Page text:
How did Tom and Daisy spend their honeymoon in The Great Gatsby?

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In chapter four, Jordan Baker elaborates on Daisy and Gatsby's past before Gatsby left the United States to fight overseas. When Gatsby left for the war, Daisy was courted by the most wealthy, eligible bachelors around. Eventually, Tom Buchanan proposed to Daisy and presented her with a string of pearls valued at three hundred and fifty thousand dollars on the day before the wedding. Despite Daisy's initial hesitation, she ended up marrying Tom and Jordan mentions that the wedding was extremely expensive and magnificent. After the wedding, Tom and Daisy spend three months in the South Seas on their honeymoon. Fitzgerald does not elaborate on the activities the newlyweds engaged in during their long honeymoon, but Jordan recalls seeing them in Santa Barbara shortly after the honeymoon. According to Jordan, Daisy was infatuated with Tom and would often look at him with "unfathomable delight." Unfortunately, Daisy discovered that Tom was cheating on her with a chambermaid at the Santa Barbara Hotel and has been completely jaded about her marriage and suspicious of Tom ever since.

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Fitzgerald leaves the reader to imagine how Tom and Daisy spent their honeymoon.  There was an emotional connection that Daisy held towards Gatsby, something that she displayed supposed passion and intensity towards.  This was interrupted with Tom's proposal of marriage and the gift of a "string of pearls valued at three hundred and fifty thousand dollars."  Once Daisy accepts this proposal, Fitzgerald describes the sequence of events with brevity, almost reflecting Daisy's emotional state of being:  " Next day at five o’clock she married Tom Buchanan without so much as a shiver, and started off on a three months’ trip to the South Seas."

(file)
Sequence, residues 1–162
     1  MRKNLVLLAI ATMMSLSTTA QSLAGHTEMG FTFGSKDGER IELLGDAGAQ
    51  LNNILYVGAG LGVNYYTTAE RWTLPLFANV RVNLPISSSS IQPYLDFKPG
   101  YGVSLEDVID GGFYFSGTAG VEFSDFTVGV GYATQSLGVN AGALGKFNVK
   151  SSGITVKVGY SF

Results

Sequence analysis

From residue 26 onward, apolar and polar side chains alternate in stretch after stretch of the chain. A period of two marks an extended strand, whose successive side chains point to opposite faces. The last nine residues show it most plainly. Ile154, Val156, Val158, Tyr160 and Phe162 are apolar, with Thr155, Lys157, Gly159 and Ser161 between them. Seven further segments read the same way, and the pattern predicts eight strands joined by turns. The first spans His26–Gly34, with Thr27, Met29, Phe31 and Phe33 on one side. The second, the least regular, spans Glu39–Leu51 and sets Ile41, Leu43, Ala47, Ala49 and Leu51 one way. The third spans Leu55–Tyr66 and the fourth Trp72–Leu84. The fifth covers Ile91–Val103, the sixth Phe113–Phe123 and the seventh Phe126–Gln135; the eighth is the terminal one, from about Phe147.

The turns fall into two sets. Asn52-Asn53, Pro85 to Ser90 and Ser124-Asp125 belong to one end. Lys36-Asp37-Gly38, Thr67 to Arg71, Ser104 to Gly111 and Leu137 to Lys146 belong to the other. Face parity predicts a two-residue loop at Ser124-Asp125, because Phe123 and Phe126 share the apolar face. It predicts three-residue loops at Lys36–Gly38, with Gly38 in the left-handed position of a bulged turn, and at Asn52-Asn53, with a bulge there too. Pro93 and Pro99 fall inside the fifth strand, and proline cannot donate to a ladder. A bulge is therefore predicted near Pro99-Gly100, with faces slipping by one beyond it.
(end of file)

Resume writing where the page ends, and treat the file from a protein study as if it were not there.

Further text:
Tom and Daisy spend their honeymoon traveling.  Jordan speaks of how Daisy's demeanor changes when she returns.  She is more possessive and clinging towards Tom.  Jordan also speaks of how Tom engaged in infidelities, even while on the honeymoon.  This leads the reader to surmise that they spent their honeymoon in a descent into carnal oblivion, where temporal satisfaction was perceived to represent emotional fulfillment.  The fact that Daisy is immediately attracted to the money and financial comfort that Tom represents indicates that their honeymoon was spent in full immersion of physical and temporal satisfaction on as many levels as possible.  It is in this way in which Tom and Daisy spent their honeymoon.  The manner in which they spent their honeymoon represents the superficiality that both come to represent in their individual actions and in their marriage.

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